Don’t Go Into Debt After Getting Married

How to ensure you don’t go into debt after you’ve walked down the aisle.

Going into debt as a coupleRoughly 6,200 couples get married every day in the United States. Along with the laughter, smiles and well wishes, couples often walk away from the altar with thousands of dollars of debt — enough debt to equal the nation’s $72 million spent on wedding events each year. So what can couples do to avoid falling deep into debt?

Before the wedding

Savvy couples are choosing to plan debt-free weddings to avoid having long-term debt hanging over their heads. Todd Outcalt of Debt Free Weddings suggests couples opt for creative solutions, such as buying bridesmaids’ attire at local retail stores, instead of trendy bridal boutiques, and buying guest gifts and party favors that double as decorations during the ceremony. Couples can make table toppers and guest cards, rather than buying high-dollar designer place cards and guest comment cards for the memory book.

Managing credit card debt

Credit card debt is a real issue for many newlyweds. For couples combining their bills, balance transfer options that have zero interest for a year seem enticing. It is important to remember all balance transfer offers have a transaction fee from two to five percent, depending on the card company.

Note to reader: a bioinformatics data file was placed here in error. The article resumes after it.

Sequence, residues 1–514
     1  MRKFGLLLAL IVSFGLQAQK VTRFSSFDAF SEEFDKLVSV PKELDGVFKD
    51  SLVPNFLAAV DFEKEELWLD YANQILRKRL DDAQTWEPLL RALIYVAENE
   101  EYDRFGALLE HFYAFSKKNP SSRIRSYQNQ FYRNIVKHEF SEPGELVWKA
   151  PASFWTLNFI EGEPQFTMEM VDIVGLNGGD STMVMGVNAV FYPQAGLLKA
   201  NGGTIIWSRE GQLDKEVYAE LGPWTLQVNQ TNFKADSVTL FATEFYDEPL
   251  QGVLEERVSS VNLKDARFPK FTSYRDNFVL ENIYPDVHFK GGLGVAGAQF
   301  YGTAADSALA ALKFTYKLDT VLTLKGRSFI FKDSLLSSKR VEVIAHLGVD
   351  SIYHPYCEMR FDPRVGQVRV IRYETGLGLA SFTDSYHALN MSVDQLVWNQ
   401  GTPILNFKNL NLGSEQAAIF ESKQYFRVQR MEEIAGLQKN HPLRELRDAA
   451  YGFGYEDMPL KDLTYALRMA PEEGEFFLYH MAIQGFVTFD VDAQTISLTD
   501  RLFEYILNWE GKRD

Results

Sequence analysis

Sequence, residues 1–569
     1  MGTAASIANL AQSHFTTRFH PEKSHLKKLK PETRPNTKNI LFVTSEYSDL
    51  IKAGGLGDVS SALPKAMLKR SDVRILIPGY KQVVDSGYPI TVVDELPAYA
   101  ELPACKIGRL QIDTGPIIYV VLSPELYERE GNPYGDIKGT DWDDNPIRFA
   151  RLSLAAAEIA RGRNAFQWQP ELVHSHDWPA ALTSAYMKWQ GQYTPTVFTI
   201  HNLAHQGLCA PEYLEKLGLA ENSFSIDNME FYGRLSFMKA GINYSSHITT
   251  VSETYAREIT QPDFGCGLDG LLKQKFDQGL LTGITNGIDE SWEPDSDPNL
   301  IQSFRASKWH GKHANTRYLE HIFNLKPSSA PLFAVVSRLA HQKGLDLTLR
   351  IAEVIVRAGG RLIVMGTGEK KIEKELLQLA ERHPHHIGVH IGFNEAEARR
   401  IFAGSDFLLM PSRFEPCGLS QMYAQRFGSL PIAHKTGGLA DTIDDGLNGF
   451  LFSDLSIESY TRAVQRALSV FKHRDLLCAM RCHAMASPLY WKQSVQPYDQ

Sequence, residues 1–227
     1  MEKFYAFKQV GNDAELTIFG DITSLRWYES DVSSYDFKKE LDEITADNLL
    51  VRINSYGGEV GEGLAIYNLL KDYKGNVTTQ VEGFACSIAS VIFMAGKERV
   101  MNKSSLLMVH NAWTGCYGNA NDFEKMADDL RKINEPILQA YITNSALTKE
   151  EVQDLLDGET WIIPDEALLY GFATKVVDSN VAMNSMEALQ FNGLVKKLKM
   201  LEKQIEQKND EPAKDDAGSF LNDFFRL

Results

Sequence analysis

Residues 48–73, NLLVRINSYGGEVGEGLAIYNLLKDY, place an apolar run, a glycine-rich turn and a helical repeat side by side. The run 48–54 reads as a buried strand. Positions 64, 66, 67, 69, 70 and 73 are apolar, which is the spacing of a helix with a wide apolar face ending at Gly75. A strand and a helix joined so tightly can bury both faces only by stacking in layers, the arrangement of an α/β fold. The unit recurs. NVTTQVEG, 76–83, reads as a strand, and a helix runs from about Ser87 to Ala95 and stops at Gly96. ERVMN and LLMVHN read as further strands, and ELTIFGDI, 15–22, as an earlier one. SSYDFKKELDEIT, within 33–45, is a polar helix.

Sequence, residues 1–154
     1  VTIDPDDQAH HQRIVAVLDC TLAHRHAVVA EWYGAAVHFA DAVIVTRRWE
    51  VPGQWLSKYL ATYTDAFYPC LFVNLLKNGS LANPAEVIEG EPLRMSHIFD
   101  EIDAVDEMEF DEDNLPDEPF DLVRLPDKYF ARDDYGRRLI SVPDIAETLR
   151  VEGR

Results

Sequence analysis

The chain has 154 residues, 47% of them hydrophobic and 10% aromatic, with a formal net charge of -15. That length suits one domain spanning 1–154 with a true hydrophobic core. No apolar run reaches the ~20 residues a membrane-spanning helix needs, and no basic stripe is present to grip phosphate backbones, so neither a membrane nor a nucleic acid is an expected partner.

Couples should explore the total payoff before taking advantage of one of these offers. This option could save couples several hundred dollars in interest if they can afford higher payments and secure a transfer deal that nets a lower interest rate overall, including the transfer fee.

Combining technology

Almost everyone has multiple digital devices. Smartphones, tablets, laptops and big-screen TVs consume a large portion of the monthly budget when each one has an individual plan. Couples can save big money by combining bills with bundling packages, notes. A 2011 Pew Research study reported that almost three-quarters of people with a desktop and/or laptop get their news online. Couples can save money and avoid escalating debt by bundling and eliminating unnecessary services, such as cable if you use the Internet exclusively for “television” viewing.

Bank fees

Along with changing names, wives might consider changing banks. Bank fees add up quickly. However, many banks offer discounted or no fee accounts today. Bank of America offers a no fee option for customers who only conduct business via the Internet or through the ATM and have a minimal direct deposit. Many credit unions also offer no fee accounts.

Food budget

When considering the price of home-cooked meals versus dining out, keep in mind the price of grocery store food is rising much more quickly than the cost of eating out — about two and a half times as fast, according to a Bank of America Merrill Lynch report. By using coupons and shopping ads, couples are more likely to have lower grocery bills than if they shop without a list. Scheduling grocery buying days also tends to reduce overspending.

Two cannot live as cheaply as one. Following a carefully constructed budget and planning ahead for large purchases will help couples avoid debt. One of the best ways to avoid spending money needlessly is to look for duplication. Combining bills for digital devices and bank accounts is a great starting point.

Have finance tips for newlyweds? Share them in the comments.